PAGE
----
15. friendorfoe

    friendorfoe Active Member

    Ditto. AACSB is focused on the research performed by the staff thus is staff oriented. ACBSP and IACBE is focused on the student. If you want to become a professor, go AACSB. If you want a school that is outcomes based, go ACBSP/IACBE. Apples and oranges.
     
  16. CalDog

    CalDog New Member

    This is true, but redundant. Practically every school that is "actually good" or that "has a prominent football team" is in AACSB.

    For example, the states with the most Division I FBS football teams are Texas (12), Ohio (8), California (7), and Florida (7). Every one of those 34 schools also has an AACSB business program. I haven't checked every school in Division I FBS nationwide, but I'll bet that the vast majority are AACSB accredited.

    And the same is true for the top 30 National Universities, as ranked by US News and World Report. They almost all have AACSB (not counting a few that don't have business schools, like Caltech or Princeton). Johns Hopkins is the only real exception, but their business school wasn't formally established until 2007, and they have been pursuing AACSB.

    It's true that AACSB also includes many less well-known schools; they aren't all famous for academics or athletics. But virtually all of the schools that are famous (for whatever reason) are already in the AACSB club.
     
    Last edited by a moderator: Aug 20, 2013
  17. CalDog

    CalDog New Member

    And this makes it harder to determine the value of AACSB accreditation.

    Let's assume that graduates of AACSB business schools, in general, have better opportunities than graduates of ACBSP or IACBE business schools.

    Does this mean that the AACSB "seal of approval" is more valued by employers?

    Or do employers simply favor the best-known schools, regardless of accreditation ?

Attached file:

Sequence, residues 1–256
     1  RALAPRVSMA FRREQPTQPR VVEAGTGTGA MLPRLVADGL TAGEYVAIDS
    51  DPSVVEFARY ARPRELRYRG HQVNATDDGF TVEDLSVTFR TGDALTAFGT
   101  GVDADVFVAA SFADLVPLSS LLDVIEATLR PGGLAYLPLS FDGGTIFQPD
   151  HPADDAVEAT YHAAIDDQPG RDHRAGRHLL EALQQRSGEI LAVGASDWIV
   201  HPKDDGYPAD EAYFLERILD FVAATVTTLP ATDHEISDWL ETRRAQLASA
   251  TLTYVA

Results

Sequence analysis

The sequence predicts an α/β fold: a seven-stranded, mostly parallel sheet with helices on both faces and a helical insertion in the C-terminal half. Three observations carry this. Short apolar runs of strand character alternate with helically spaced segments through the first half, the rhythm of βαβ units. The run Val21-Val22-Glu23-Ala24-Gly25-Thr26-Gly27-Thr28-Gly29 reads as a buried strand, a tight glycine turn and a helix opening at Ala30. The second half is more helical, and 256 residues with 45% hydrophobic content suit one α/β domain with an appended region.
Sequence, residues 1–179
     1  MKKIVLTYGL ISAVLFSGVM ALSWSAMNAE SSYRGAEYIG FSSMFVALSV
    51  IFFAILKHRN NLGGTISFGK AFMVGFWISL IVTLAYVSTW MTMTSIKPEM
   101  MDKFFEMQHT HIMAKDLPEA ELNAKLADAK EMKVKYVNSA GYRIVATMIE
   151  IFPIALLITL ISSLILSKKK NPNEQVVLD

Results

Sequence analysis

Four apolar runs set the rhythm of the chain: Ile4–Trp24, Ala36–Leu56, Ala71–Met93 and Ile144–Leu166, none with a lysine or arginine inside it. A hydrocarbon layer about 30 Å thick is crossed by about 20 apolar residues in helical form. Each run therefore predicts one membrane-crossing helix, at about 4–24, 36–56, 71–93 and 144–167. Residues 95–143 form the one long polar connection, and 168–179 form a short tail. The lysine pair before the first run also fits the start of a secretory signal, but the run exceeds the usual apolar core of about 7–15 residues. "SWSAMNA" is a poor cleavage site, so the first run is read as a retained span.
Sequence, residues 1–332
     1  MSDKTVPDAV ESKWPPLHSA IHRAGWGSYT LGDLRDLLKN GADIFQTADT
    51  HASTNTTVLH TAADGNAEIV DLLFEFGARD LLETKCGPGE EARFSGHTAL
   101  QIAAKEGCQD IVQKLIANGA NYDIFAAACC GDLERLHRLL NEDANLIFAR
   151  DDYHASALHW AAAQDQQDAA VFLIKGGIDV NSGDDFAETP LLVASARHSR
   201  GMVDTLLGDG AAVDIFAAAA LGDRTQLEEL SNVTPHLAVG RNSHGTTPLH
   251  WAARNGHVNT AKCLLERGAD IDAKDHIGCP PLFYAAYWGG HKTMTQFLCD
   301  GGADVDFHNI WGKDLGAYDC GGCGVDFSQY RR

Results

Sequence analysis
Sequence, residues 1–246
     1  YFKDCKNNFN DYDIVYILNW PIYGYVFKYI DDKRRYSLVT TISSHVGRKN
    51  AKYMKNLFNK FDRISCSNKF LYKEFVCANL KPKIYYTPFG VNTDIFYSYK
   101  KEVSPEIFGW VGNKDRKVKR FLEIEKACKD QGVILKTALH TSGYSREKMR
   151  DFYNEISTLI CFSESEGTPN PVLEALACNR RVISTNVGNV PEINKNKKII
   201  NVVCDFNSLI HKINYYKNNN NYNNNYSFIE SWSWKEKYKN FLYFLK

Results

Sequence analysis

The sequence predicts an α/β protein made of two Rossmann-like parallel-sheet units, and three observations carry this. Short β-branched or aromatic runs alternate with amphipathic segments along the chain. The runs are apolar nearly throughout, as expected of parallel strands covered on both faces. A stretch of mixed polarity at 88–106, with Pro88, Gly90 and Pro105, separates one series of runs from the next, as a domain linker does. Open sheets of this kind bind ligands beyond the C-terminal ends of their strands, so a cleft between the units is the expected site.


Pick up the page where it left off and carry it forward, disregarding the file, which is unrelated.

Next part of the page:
In the latter case, AACSB would appear to be favored, because most of the best-known schools also happen to be AACSB.
    But employers would really be making their decision based on school reputation, not because of the AACSB "seal of approval".
     
    Last edited by a moderator: Aug 20, 2013
  18. Phdtobe

    Phdtobe Well-Known Member

    You are bang on with your summary. The top universities can drop aacsb without any drop in prestige.
     
  19. CalDog

    CalDog New Member

    In theory, maybe they could.

    But we don't know that for sure, because in practice, it doesn't seem to happen.
    I don't know of any cases where a top US university has dropped AACSB.

    ****

    In fact, this site claims that no university, of any kind, has ever voluntarily given up AACSB accreditation:

    AACSB was established in 1916, and began accrediting schools in 1919.
     
    Last edited by a moderator: Aug 21, 2013
  20. carlosb

    carlosb New Member

    The Harvards and Stanfords choose to pay the AACSB accreditation fees and give up some intuitional control over their business programs to maintain AACSB accreditation.
    They must believe there is value in it.